The Russian S-400 air defence missile that could feature in Modi's agreements with Putin in Russia today
By Ajai Shukla
Business Standard, 24th Nov 15
Why is Prime Minister Narendra Modi visiting Russia on what much of the world considers Christmas Eve? Because it will not be Christmas in Russia until January 7, according to the Gregorian calendar, when Orthodox Christians --- Russia’s majority --- celebrate Christmas.
Nor will Modi be mistaken for Santa Claus with a stocking filled with defence orders. India is no longer handing Moscow the meaty contracts that, from 1970-2000, met 70 per cent of India’s military equipment requirements.
Even so, there could be significant announcements about India’s purchase of Kamov-226T helicopters, S-400 air defence missile systems, and the long-delayed contract for joint development of the Fifth Generation Fighter Aircraft (FGFA).
“Russia does things with us; [and] we do things with Russia, which we don’t do with any other country, said Foreign Secretary S Jaishankar, briefing the media on Modi’s visit on Tuesday. While Jaishanker declined to predict what announcements could be made, here are some of the balls in play.
FGFA and Multi-role Transport Aircraft (MTA)
Once the flagship of Indo-Russian defence cooperation, the FGFA project illustrates the downswing in defence relations. For two-and-a-half-years, the two sides have bickered over a research & development contract (R&D Contract), under which India would commit about $4 billion (Rs 26,464 crore) for Hindustan Aeronautics Ltd (HAL) to work with Sukhoi to evolve the Russian T-50 stealth fighter (already flying) into an FGFA that incorporated India’s requirements.
Business Standard learns that, last month, discussions were concluded on the R&D contract. While this clears the way for a positive announcement in Moscow, the Indian Air Force (IAF) continues to block the FGFA. Its criticism is intended to reinforce the impression of an aircraft shortfall, thus increasing pressure on New Delhi to buy more Rafale fighters, beyond the 36 already contracted with Dassault.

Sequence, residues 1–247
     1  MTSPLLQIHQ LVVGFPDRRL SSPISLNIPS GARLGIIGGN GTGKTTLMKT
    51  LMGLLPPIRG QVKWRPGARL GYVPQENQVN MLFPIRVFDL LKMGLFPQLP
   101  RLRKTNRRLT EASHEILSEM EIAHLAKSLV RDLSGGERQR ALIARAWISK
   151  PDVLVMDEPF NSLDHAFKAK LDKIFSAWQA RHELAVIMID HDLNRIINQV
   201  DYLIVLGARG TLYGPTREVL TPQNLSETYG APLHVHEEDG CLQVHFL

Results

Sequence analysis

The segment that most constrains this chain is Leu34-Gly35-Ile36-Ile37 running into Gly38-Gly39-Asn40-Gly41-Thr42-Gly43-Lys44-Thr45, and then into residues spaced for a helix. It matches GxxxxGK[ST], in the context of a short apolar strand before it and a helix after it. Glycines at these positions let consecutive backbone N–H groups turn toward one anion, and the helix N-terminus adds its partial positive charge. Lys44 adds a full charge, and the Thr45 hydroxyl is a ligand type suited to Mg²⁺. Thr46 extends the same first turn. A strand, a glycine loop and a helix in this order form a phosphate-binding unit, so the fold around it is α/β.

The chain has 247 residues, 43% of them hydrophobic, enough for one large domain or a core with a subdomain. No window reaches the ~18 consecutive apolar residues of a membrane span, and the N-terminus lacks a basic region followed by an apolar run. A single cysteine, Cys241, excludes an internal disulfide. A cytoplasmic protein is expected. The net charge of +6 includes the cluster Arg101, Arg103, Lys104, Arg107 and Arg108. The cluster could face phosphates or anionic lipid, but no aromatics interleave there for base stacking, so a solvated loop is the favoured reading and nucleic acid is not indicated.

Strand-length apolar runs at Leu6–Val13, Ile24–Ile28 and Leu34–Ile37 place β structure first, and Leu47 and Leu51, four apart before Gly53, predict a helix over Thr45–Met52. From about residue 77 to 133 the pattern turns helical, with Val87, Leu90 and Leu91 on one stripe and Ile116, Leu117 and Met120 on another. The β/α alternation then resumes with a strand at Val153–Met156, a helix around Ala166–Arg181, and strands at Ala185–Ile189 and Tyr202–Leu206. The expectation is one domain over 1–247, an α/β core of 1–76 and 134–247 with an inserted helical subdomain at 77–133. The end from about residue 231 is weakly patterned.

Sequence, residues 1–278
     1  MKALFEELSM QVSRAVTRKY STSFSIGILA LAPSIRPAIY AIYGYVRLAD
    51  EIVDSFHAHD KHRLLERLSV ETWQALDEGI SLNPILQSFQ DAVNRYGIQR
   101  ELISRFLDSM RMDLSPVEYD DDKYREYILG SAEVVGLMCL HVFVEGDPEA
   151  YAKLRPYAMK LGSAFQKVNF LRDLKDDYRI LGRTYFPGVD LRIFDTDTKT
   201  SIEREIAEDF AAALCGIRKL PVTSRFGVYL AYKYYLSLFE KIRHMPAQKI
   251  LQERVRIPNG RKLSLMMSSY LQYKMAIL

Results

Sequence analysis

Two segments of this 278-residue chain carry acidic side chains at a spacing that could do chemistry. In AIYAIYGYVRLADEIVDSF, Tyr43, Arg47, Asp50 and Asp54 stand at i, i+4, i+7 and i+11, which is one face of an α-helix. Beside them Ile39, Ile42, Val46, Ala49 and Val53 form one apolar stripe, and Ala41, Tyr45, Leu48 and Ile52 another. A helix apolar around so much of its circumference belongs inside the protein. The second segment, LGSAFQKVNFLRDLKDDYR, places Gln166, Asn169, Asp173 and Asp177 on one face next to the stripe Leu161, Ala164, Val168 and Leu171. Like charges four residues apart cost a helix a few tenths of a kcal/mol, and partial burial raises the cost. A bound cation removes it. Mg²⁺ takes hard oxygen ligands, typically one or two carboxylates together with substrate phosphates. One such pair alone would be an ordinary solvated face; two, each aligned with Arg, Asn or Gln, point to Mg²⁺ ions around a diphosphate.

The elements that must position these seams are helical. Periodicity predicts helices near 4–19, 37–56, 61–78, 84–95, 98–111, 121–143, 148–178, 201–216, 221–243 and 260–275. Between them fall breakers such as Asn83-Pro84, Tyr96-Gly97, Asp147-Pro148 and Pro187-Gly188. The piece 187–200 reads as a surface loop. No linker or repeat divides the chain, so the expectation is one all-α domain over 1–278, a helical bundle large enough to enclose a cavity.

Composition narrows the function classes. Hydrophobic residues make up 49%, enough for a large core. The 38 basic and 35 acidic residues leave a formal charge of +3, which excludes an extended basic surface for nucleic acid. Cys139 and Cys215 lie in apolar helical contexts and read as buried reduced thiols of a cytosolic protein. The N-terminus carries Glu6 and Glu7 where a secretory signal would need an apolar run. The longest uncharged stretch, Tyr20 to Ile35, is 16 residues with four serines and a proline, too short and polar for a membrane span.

New Delhi will now decide whether to restrict the FGFA project to buying 60-70 T-50 fighters off-the-shelf from Russia, or to go ahead, as earlier planned, with joint development and the manufacture of larger numbers of a customised fighter.
The FGFA project kicked off in October 2007 with an Inter Governmental Agreement (IGA) between New Delhi and Moscow. In December 2008, a General Contract stipulated work share and cost, and conditions under which the FGFA could be sold to other countries.
In December 2010, under a Preliminary Design Contract, each side paid $295 million (Rs 1,952 crore) to finalise the FGFA’s configuration and systems. Since June 2013, when this was concluded, negotiations have dragged on over the R&D contract.
Standing in the way is the IAF, which announced in October 2012 that it would buy only 144 FGFAs, instead of the 214 originally planned. On December 24, 2013, as reported by Business Standard (January 21, 2014, Russia can’t deliver on Fifth Generation Fighter Aircraft: IAF) the IAF told the defence ministry the FGFA’s performance was below par. On January 15, 2014, at a MoD review meeting, the IAF said the FGFA’s engine was unreliable, its radar inadequate, its stealth features badly engineered, India’s work share too low, and the fighter’s price too high.